Guest post by Lauren Catey
On Tuesday, the Neighborhood Writing Alliance brought the legacy of Malcolm X’s life and work straight to 40 event attendees at the Jane Addams Hull-House Museum. “Necessary!” is a traveling exhibit from the archives of the Black History 101 Mobile Museum featuring rare photographs and artifacts from Malcolm X’s life. Tables full of old magazines with a glaring Malcolm X on the cover, rare contact sheets of Malcolm X giving a speech, and artifacts of racism, such as an aging tube of “Darkie” toothpaste, lined the walls of the Hull-House Residents’ Dining Hall.
Mobile Museum founder Khalid el-Hakim started collecting racist artifacts and Black memorabilia over 20 years ago while still a student at Ferris State University. “My former sociology professor at Ferris State, Dr. David Pilgrim, encouraged me to collect artifacts as a tool to expose people to the ugly history of racism in America,” el-Hakim said. “This collection is my gift to Black history. The history of Black people in this country is something that should be celebrated and studied not just in February, but throughout the year.”
El-Hakim said he noticed that people didn’t seem to be going to museums, so he thought he would bring the museum to them. The Mobile Museum makes this possible. It is a very cost effective, accessible way to make sure education is available to all. The history comes to the people, instead of the other way around.
El-Hakim now travels all over the country from his home base in Detroit, where he teaches, to make sure important relics of history are not lost forever. The pieces in his collection range from the age of slavery to the birth of hip hop culture. El-Hakim brings his exhibits to colleges, universities, K–12 schools, conferences, and cultural events. He has a special exhibit for kids focusing on the “3 M’s”: Motown, Martin Luther King, Jr., and Michael Jackson. “The kids really love it. They identify with Michael,” el-Hakim told the attendees while explaining the exhibit.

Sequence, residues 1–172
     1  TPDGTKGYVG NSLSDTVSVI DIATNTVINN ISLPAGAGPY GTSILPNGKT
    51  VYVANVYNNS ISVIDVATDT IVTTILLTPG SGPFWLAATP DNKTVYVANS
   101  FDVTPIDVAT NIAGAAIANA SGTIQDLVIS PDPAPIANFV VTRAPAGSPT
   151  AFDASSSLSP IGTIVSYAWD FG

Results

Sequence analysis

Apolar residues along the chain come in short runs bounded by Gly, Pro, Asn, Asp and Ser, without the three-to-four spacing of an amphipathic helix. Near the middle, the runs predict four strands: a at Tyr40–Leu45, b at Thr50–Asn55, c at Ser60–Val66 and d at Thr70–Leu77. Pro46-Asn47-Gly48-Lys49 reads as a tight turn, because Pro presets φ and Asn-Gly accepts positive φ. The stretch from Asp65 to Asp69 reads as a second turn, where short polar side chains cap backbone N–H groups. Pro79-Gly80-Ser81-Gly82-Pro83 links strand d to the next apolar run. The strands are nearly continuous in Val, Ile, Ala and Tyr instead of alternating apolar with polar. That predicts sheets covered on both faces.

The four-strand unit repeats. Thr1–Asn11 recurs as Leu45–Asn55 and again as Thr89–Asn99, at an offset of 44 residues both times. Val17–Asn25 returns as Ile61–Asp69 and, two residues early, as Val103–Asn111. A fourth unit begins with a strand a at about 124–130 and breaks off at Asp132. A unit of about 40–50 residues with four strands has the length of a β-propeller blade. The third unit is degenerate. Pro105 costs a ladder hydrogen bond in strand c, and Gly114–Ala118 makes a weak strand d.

El-Hakim also has a hip hop-based component of the Mobile Museum that travels throughout Michigan on a 30-foot trailer. The exhibit, entitled “And the Legacy Continues…” concentrates on the birth of hip hop and its expansion and growth, as well as celebrating artists that produce socially-conscious hip hop—the kind of hip hop that no longer makes it onto the covers of magazines or to the center of our culture. As part of the “Necessary!” exhibit on Tuesday, el-Hakim brought a collection of rare hip hop records that built on Malcolm X’s legacy. A record by hip hop group Boogie Down Productions, “By All Means Necessary,” paid homage on the cover to a famous photograph of Malcolm X, and referenced his oft-quoted call to action: “By any means necessary.”
“My mission is to raise the consciousness of the human family by sharing artifacts that celebrate the contributions, achievements, and experiences of African Americans,” states el-Hakim on the Mobile Museum website. “I want people to walk away as inspired as I’ve been as a collector and student of this history.”
NWA writer Kucha Brownlee commended el-Hakim’s work at the event and told him, “If you can’t get to the water, bring the water to them.”
El-Hakim encourages people to stay in touch with the Black History Mobile Museum. He regularly posts artifacts on the Museum’s Facebook page. In a few weeks, the Mobile Museum will continue traveling around the country, bringing el-Hakim’s treasures—artifacts that represent an important, too often untold, history—to many more.
Lauren Catey is a writer and teacher living and working in Chicago, IL. She has her BFA in Fiction Writing with a concentration in teaching from Columbia College. She grew up a Midwest farmer’s daughter in the small town of Peru, Indiana, the self-proclaimed circus capital of the world. Now she works as a facilitator of an after school program at Cesar E. Chavez Elementary on Chicago’s South Side with second graders who are better at dancing than she is. When Lauren isn’t writing or teaching, she is probably cooking or dancing. If she isn’t doing any of those things, she probably isn’t very happy.